More here

Recovering Voices and Mother Tongue Film Festival Deadlines

Mother Tongue Film Festival 2018 – Submissions Deadline EXTENDED to Friday September 15, 2017
We are still accepting film submissions for the 2018 Mother Tongue Film Festival! Complete the online submission form before Sept 15, 2017. More information about the film festival including dates, venues, and more, will be available soon on the Recovering Voices website.


2017 Community Research Program Call for Proposals – Closes September 15, 2017
This is a friendly reminder that the 2018 Community Research Program Call for Proposals deadline for application submissions is this Friday September 15, 2017. This call is for projects to take place in 2018.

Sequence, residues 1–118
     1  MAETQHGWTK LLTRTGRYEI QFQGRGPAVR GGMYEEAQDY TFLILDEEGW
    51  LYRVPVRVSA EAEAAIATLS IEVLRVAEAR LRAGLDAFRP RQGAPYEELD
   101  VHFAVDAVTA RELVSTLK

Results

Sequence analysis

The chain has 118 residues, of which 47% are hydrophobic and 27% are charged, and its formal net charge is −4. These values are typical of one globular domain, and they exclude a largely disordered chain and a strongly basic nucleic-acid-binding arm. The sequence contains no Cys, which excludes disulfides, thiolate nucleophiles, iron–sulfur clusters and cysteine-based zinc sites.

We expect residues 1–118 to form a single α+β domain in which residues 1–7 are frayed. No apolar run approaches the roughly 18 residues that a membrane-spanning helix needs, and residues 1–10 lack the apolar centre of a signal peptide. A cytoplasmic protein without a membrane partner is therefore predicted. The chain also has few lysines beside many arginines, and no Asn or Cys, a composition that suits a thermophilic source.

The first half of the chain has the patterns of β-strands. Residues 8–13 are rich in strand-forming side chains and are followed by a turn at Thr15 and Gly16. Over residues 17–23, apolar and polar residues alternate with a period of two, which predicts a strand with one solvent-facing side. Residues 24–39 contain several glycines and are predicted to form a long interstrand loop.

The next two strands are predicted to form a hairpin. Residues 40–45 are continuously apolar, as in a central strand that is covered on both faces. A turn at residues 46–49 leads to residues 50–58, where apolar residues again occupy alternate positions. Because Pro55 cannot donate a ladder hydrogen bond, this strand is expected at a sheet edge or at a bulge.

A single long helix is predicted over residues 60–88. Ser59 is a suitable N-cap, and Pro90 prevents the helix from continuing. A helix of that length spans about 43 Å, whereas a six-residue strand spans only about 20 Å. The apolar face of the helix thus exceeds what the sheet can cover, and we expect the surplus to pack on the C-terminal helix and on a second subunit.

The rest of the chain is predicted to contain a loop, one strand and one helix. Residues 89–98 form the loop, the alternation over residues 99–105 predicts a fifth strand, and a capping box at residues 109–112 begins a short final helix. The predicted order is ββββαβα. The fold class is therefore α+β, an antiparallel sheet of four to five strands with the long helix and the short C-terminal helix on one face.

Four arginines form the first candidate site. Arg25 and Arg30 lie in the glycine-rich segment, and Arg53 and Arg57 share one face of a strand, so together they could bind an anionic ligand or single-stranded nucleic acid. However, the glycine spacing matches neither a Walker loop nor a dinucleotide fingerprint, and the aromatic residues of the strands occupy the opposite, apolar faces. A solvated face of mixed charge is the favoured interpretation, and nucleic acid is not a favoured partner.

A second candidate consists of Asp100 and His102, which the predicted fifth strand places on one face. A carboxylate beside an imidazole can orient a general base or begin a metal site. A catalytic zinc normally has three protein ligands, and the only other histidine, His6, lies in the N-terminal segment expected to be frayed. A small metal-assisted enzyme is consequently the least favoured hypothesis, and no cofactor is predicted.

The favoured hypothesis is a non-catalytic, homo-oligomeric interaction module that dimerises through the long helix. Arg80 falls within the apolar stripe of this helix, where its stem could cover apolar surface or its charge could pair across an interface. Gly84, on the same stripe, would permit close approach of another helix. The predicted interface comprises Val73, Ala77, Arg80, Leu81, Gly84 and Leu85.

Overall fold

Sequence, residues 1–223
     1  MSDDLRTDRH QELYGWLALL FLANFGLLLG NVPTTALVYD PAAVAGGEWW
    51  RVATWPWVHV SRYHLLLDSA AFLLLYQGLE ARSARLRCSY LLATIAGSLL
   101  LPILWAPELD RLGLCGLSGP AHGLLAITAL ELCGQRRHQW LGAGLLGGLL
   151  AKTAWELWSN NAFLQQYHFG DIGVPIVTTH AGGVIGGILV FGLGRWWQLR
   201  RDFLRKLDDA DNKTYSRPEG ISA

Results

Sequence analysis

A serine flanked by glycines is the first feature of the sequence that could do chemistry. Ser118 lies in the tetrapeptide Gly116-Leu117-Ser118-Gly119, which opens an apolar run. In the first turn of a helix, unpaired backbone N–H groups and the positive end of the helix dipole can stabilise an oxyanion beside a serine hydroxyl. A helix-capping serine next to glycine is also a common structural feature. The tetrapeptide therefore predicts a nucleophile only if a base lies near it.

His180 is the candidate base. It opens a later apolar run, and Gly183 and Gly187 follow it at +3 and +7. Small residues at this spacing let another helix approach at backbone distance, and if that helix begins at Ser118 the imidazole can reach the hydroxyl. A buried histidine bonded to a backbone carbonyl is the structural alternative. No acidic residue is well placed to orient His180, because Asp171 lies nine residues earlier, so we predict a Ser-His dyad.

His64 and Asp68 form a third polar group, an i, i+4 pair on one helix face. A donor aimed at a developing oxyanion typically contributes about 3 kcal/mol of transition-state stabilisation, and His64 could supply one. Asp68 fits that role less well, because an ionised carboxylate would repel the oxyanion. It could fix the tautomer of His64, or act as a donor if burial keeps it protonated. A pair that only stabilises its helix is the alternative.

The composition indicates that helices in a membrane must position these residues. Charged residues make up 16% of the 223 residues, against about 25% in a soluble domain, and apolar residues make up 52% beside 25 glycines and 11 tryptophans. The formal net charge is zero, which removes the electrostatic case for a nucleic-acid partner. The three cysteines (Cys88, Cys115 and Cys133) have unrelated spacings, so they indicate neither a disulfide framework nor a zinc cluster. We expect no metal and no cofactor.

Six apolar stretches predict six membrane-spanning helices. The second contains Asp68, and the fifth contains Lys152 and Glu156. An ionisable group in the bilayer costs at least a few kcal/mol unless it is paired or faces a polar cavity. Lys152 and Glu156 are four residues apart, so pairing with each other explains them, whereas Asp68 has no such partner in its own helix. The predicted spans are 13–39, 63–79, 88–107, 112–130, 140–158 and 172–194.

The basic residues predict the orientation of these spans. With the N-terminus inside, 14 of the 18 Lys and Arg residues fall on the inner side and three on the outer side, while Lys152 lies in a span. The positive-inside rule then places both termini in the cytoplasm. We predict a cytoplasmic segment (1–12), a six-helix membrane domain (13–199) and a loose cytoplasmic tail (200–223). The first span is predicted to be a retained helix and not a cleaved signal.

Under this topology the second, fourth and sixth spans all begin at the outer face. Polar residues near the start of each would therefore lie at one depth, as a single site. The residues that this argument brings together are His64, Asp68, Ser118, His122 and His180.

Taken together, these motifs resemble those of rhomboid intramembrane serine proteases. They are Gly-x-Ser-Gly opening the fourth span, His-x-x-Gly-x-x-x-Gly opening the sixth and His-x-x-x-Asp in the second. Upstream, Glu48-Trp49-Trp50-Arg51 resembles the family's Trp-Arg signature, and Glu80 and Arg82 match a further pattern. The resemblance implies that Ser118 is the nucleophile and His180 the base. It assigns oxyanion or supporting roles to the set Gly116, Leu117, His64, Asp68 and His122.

The purpose of the Community Research Program is to support indigenous communities in their efforts to save, document, and enliven their languages, cultures, and knowledge systems. Funding brings groups of community scholars from around the world to the Smithsonian to examine specific objects, specimens, and documents related to their heritage and to engage in a dialogue with Smithsonian staff in order to recover and revitalize their language and knowledge. Interdisciplinary projects are encouraged. Projects can have a budget of up to $10,000 in funding through Recovering Voices.
All the application guidelines and materials are available on our website: Learn more about the Community Research Program on our website, and Blog,
Contact us at with any questions. Applications can be submitted via email to
Please distribute widely.

Tuesday, September 12, 2017